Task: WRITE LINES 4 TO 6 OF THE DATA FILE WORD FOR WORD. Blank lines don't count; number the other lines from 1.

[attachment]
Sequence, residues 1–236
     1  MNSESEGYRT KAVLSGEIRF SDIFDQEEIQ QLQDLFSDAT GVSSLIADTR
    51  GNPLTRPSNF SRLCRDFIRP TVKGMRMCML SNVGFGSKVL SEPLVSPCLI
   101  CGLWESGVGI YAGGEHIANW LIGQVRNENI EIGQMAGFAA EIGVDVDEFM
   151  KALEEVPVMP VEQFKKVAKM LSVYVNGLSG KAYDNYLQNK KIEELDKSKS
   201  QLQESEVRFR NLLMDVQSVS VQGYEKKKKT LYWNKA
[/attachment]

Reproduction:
   101  CGLWESGVGI YAGGEHIANW LIGQVRNENI EIGQMAGFAA EIGVDVDEFM
   151  KALEEVPVMP VEQFKKVAKM LSVYVNGLSG KAYDNYLQNK KIEELDKSKS
   201  QLQESEVRFR NLLMDVQSVS VQGYEKKKKT LYWNKA